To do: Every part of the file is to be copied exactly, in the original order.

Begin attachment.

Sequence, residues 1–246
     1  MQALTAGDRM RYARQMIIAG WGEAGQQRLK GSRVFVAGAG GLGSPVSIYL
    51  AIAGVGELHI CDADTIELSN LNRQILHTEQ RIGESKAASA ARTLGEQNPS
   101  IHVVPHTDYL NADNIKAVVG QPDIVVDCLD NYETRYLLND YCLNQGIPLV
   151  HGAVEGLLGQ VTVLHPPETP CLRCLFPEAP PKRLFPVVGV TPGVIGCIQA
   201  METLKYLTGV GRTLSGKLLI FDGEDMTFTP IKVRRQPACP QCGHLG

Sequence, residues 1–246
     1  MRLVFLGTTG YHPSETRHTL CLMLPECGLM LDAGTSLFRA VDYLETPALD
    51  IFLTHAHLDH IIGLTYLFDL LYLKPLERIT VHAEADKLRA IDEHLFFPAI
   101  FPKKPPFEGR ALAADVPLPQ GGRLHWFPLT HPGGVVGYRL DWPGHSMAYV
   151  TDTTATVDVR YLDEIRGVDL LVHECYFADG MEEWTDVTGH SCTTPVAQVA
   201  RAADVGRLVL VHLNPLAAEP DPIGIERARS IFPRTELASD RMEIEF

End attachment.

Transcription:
Sequence, residues 1–246
     1  MQALTAGDRM RYARQMIIAG WGEAGQQRLK GSRVFVAGAG GLGSPVSIYL
    51  AIAGVGELHI CDADTIELSN LNRQILHTEQ RIGESKAASA ARTLGEQNPS
   101  IHVVPHTDYL NADNIKAVVG QPDIVVDCLD NYETRYLLND YCLNQGIPLV
   151  HGAVEGLLGQ VTVLHPPETP CLRCLFPEAP PKRLFPVVGV TPGVIGCIQA
   201  METLKYLTGV GRTLSGKLLI FDGEDMTFTP IKVRRQPACP QCGHLG

Sequence, residues 1–246
     1  MRLVFLGTTG YHPSETRHTL CLMLPECGLM LDAGTSLFRA VDYLETPALD
    51  IFLTHAHLDH IIGLTYLFDL LYLKPLERIT VHAEADKLRA IDEHLFFPAI
   101  FPKKPPFEGR ALAADVPLPQ GGRLHWFPLT HPGGVVGYRL DWPGHSMAYV
   151  TDTTATVDVR YLDEIRGVDL LVHECYFADG MEEWTDVTGH SCTTPVAQVA
   201  RAADVGRLVL VHLNPLAAEP DPIGIERARS IFPRTELASD RMEIEF